But sometimes the only way for improvement is to set some goals, and before you ask no they’re not new years resolutions because we already 10 days in.
It occurred to me (after surfing the net for awhile) that these goals need to be kept simple and somewhat achievable.
If I follow my own advice and do what I have set out to do these 4 goals should be achievable over the next 12 months,
Manage my time better, especially since that blogging can be achieved from mobile platforms so there is no real excuse not to.
This is something that I have been striving to be better at throughout my life. Writing concisely to get your message across is important, especially blogging however there is always room for improvement.
I’m already doing this by shooting as much as possible. Constantly looking for something or a scene that is unique. I agree with the principle of taking your camera everywhere you go but that is not always possible however with smart phone comes advances in technology for cameras built in to smart phones. Combine that with blogging from mobile platforms should see an increase in posts for 2018.
Social media is not something that I’m terribly good at. I have Instagram (IG), Google Plus, Twitter and 500Px. Some of these social media platforms I post to quite a lot but some I haven’t touched in over 12 months and should be cancelled or deleted. Instagram(IG) is by far the easiest to post a photo to but to make the most of it I need to find one theme and stick to it (street or 4wd touring). This may result in splitting the themes into two seperate IG accounts. The other social media platforms, well I’m just not sure on what I’m going to do with them yet.
All of these are achievable I just have to follow my own advice. Does anyone have any
NYE Resolutions goals of their own for 2018, I would love to read them.
Never been to a Supanova type event before I wasn’t quite sure what or who I would be able to photograph. Much to my surprise there were loads of people who had gone to unimaginable lengths to be have the best outfit. The effort that these people put into the outfits and their characters is incredible.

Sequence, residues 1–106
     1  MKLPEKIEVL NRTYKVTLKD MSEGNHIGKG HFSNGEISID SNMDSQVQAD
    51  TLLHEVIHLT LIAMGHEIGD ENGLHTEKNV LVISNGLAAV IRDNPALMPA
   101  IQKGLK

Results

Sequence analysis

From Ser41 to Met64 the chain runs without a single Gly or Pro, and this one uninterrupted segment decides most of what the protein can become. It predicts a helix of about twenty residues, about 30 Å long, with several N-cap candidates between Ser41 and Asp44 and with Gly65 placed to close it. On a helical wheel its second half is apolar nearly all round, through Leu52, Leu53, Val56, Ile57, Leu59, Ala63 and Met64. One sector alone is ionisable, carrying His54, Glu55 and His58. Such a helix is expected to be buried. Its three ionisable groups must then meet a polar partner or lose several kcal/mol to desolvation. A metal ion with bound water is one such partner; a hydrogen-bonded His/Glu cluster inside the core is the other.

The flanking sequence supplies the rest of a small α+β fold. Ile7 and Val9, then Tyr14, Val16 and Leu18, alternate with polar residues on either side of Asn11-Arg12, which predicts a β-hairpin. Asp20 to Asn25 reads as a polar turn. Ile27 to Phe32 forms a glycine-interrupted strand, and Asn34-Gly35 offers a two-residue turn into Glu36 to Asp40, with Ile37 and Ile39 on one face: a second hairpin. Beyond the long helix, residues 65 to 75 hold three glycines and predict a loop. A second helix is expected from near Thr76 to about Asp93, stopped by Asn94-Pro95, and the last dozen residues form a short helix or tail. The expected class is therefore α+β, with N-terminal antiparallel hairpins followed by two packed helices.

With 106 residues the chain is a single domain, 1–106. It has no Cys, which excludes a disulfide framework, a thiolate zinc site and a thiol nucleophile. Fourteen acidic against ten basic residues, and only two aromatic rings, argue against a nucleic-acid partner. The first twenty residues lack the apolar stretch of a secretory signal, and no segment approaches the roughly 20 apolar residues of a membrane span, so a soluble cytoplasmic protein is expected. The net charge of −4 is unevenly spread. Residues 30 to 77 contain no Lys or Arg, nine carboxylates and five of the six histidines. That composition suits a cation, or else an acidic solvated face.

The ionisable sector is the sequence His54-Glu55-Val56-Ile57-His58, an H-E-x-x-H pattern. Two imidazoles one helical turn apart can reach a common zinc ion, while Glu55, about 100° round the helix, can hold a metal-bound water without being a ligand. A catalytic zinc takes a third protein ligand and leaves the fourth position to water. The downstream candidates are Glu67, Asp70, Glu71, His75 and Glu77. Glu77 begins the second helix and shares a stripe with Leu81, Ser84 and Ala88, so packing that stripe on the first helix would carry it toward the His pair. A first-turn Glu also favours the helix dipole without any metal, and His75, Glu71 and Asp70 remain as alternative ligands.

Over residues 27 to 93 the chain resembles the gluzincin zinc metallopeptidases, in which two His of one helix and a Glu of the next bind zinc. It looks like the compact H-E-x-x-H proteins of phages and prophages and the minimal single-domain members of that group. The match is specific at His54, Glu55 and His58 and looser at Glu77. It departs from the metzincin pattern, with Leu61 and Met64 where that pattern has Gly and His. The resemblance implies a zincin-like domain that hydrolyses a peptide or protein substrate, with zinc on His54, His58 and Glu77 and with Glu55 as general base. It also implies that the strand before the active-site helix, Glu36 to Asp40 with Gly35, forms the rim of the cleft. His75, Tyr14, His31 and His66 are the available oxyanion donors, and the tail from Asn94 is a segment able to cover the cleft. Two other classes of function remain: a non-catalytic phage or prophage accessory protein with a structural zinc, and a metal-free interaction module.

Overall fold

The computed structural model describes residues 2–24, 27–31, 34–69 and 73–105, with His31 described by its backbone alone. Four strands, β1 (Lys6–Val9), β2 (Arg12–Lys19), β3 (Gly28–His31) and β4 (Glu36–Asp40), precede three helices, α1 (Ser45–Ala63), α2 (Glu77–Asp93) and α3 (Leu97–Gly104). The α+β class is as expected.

Deadpool – Need I say more
Captain Jack Sparrow – certainly seen better days!
Hellboy – not sure he had an apple watch though!
Everyone that I asked to photograph was more than obliging, they all strike a pose for the cameras when asked and there was a lot of people taking photos.
Darth Vader – Even the Dark lord made an appearance
Predator – Would have to be one of my all time favourite movies Alien vs Predator, thankfully no aliens at this event. They scare the crap out of me!
I was blown away by the sheer number of people who obviously went to a lot of effort and cost to be in the favourite super hero. One family urned up dressed as their entire cast of Guardians of the Galaxy. Pretty amazing stuff. Definitely go again.
What photographer doesn’t love an airshow. So many opportunities to photograph aircraft of all shapes and sizes. The only downside is the sheer number of photographers that are attempting to do the same thing you are doing.
“MASH” 47D Helicopter. I felt pretty nostalgic about this one as I grew up watching MASH on the old colour Tv. All that was needed was a Radar O’Reilly saying “Choppers” to make this best helicopter at show.
FA15 (I think) This was one of the hardest aircraft to photograph as they are incredibly fast and sop many photographers were trying to photograph them.
“Red Barron” A beautifully restored replica of the original aircraft. Also pretty hard to get close to due to the sheer number of people trying to get a look and snap a photo themselves.
What an adrenaline rush flying these planes, the pilot threw this around unlike anything I’ve ever seen. incredible to watch which is why I forgot to photograph it more than I did.
Airshows are full of photographers with incredible long lenses, my advice is that if you struggle with the horrible disease of ‘Lens Envy’ that you don’t attend as it may result in a unwarranted purchase of very long lens and some very long looks from your financial advisor (the wife!)